Posts Tagged ‘San Francisco homeless’

A Tale of Two Cities

July 6, 2010

Gavin Newsom has problems with chess players.

Charles Dickens penned “It was the best of times, it was the worst of times…” as his opening line in his masterpiece A Tale of Two Cities. I found myself pondering Dickens work and applying the opening line to the plight of the poor chess players in two Bay Area cities.

As many of my reader are aware, San Francisco has recently closed down the traditional street chess games on Market Street near the BART station.  It seems that the city government of San Francisco is playing a gambit against the city’s homeless and the removal of the chess games is yet another move to sacrifice the lowest of pawns. My “Open Letter to Gavin Newsom” remains unanswered and I am getting the feeling that Mr. Newsom has no intention of addressing San Francisco’s attack on one of the most harmless activities that the “street people” amuse themselves with. Perhaps the city has justifiable reasons for its removal of the chess games on Market Street. The fact that I have received no response from the mayor leads me to believe otherwise.

Across the bay there is another city called Oakley. It was here, on July 3, that I was given permission to set up chess tables for the annual cityhood celebration.  Oakleys Mayor, Pat Anderson, made the many chess players feel welcome and took the time to steer us into the right avenues toward finding a regular place to hold a city chess club. Chess is a new addition to the young city but based on the response it received on July third, I imagine it will soon be  another Bay Area chess success story.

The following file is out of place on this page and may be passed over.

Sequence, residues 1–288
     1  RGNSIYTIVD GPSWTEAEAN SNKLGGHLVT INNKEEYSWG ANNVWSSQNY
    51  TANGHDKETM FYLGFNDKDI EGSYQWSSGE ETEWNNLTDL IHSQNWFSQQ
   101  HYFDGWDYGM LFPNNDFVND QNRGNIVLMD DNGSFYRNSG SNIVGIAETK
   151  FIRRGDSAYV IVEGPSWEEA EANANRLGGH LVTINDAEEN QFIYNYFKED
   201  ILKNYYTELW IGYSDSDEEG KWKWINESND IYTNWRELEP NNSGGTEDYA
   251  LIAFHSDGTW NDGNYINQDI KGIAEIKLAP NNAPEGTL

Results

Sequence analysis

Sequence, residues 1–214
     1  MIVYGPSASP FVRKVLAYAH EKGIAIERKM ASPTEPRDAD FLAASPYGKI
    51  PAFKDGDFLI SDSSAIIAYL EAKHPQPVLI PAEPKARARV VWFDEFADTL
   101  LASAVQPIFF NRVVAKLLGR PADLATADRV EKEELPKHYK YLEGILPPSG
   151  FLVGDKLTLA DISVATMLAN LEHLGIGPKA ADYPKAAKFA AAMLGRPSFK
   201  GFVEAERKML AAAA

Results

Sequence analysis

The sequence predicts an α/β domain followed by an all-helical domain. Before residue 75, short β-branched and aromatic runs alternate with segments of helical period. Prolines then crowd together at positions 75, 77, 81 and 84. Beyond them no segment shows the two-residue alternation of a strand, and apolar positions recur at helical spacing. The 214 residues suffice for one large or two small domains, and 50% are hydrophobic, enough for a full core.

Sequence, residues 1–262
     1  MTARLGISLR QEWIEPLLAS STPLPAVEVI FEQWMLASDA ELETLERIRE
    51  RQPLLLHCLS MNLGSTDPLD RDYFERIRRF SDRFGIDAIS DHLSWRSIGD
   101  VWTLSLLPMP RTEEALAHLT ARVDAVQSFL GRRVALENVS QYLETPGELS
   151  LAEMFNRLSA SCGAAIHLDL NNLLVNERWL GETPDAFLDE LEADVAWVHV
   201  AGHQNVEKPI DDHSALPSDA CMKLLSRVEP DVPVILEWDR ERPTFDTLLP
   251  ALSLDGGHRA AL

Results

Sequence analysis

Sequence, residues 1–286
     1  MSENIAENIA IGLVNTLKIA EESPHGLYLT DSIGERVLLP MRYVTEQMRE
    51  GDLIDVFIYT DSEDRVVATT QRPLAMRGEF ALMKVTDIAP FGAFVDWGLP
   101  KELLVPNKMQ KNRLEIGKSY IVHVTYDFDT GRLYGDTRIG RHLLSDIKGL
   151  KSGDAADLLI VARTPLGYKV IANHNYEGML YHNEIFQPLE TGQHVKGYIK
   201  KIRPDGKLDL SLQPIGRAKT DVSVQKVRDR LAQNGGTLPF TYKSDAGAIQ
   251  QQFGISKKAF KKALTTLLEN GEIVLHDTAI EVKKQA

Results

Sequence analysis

If you are one of the many disenfranchised chess players in San Francisco, please take the time to contact Gavin Newsom and suggest that he should take a lesson from Pat Anderson on how to run a city that is fair to all its citizens… even its chess players.

An Open Letter to Gavin Newsom

June 16, 2010

Mayor Newsom,

San Francisco has lost one of its more charming attractions. It used to be that pedestrians strolling down Market Street near the Powell BART station would be treated to lively blitz games played by eclectic groups of chess enthusiasts. When in the area, I would frequently find myself battling wits with investment bankers, street merchants, tourists, and homeless persons. Unfortunately, this exposition of culture has been shut down by the city.

I launched an informal investigation as to why chess players were being targeted unfairly while street performers, panhandlers, and artists are still allowed to continue their practices in the area. Apparently an order was given by a high-ranking city official to the SFPD to shut down the games on the basis of poor behavior on the part of the chess players. Indeed, I would witness some money changing hands and the occasional intoxicated chess player. But are these behaviors being caused by the chess games or the urban environment? 

I believe in the positive impact the game of chess can have on individuals who are struggling do the fact that their decision-making skills are sub par. With funding for various organizations that help the homeless population being hit hard by the financial meltdown, I feel it is irresponsible if not mean-spirited for the city of  San Francisco to take away one of the few possibilities left for free and legal entertainment.  Furthermore, for a city that entices tourists to come on the basis of its many cultural opportunities,  it does not seem fitting for San Francisco to be shutting down harmless attractions such as chess. 


Chris Torres

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